I recently had my iTunes Match subscription renewed. I was totally happy to do this considering the incredible convenience the service has afforded me. The ability to access my entire music library on any iOS device at any time is incredibly compelling. Of course, the service is not all sunshine and roses.
When iTunes Match first became available in Canada, I signed up for it immediately. At the time almost all of my entire music library I had was ripped from CDs that I owned. The initial scan and match worked pretty flawlessly, so far as matching the music that existed on Apple’s servers was concerned. The main issue that was pervasive across my entire library were albums with missing artwork. Perhaps you may be thinking this is a small issue to complain about, and yes it surely is cosmetic. I’m the kind of person that loves album artwork — I always have. It was only recently within the last twelve months that I started buying all of my music exclusively through iTunes (which guarantees high quality artwork).
For years I was a staunch self professed “audiophile” and insisted on buying CDs so I could rip and encode them in any way I deemed fit. It was about a year and a half ago, when I broke up with my girlfriend, that decided I no longer wanted to haul around huge bins of CDs. I spent several hours removing the inner sleeve of every CD I had and bagged them in convenient resealable plastic bags. The jewel cases were tossed in the garbage. That saved me so much space, I proclaimed from there forth I would go digitally only.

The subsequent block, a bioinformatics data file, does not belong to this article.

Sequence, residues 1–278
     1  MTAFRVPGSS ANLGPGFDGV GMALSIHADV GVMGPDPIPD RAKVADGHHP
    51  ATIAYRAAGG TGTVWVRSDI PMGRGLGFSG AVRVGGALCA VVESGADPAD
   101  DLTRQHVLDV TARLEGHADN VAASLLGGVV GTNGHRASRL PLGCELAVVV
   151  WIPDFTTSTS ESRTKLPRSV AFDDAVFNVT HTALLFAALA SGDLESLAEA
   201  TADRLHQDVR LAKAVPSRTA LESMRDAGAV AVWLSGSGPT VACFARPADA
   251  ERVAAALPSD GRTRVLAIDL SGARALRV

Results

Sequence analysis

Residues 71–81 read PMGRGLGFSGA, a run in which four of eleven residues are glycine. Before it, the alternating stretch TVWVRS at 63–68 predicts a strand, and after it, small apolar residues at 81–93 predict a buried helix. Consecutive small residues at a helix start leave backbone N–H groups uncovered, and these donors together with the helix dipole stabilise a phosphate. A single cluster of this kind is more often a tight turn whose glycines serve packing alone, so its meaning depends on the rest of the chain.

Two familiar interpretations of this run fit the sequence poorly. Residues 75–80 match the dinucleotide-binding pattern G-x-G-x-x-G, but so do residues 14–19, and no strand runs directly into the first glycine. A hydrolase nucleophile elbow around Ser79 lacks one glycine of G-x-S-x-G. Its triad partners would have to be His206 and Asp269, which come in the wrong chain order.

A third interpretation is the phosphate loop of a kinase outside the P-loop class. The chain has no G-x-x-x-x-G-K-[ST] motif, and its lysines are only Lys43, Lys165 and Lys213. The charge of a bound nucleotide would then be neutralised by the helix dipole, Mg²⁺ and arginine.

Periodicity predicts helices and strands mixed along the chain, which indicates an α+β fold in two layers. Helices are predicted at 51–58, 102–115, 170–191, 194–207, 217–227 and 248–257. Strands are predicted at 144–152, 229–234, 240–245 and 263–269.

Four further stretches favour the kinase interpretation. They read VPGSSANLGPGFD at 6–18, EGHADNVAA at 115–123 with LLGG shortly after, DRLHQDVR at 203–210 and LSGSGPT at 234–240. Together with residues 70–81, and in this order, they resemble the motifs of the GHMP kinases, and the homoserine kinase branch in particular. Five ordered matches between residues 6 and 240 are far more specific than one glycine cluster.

Growing up I always loved looking at the cover art on the sleeve of an album I had purchased. It’s no surprise that I would require the digital representation of my music library be equally beautiful to behold. My main gripe with iTunes Match is that even if it managed to match an album and make it available to download from iCloud, many times album artwork would refuse to download. The issue it seems to have is that unless the meta data of that album matches perfectly to what Apple has, it simply won’t work. The problem is compounded by double disc CDs that I had ripped. When you buy a special edition of what once may have been a double disc CD through iTunes, it’s sold as one album. Since those multiple CD albums were labelled “disc 1” and “disc 2,” it completely breaks iTunes Match.
Perhaps I’m asking an impossible engineering feat, but as a user and music lover, I had hoped Apple would have figured out a better way to match these kinds of albums to what already exists in the store. There has to be a way to fix this. There just has to be.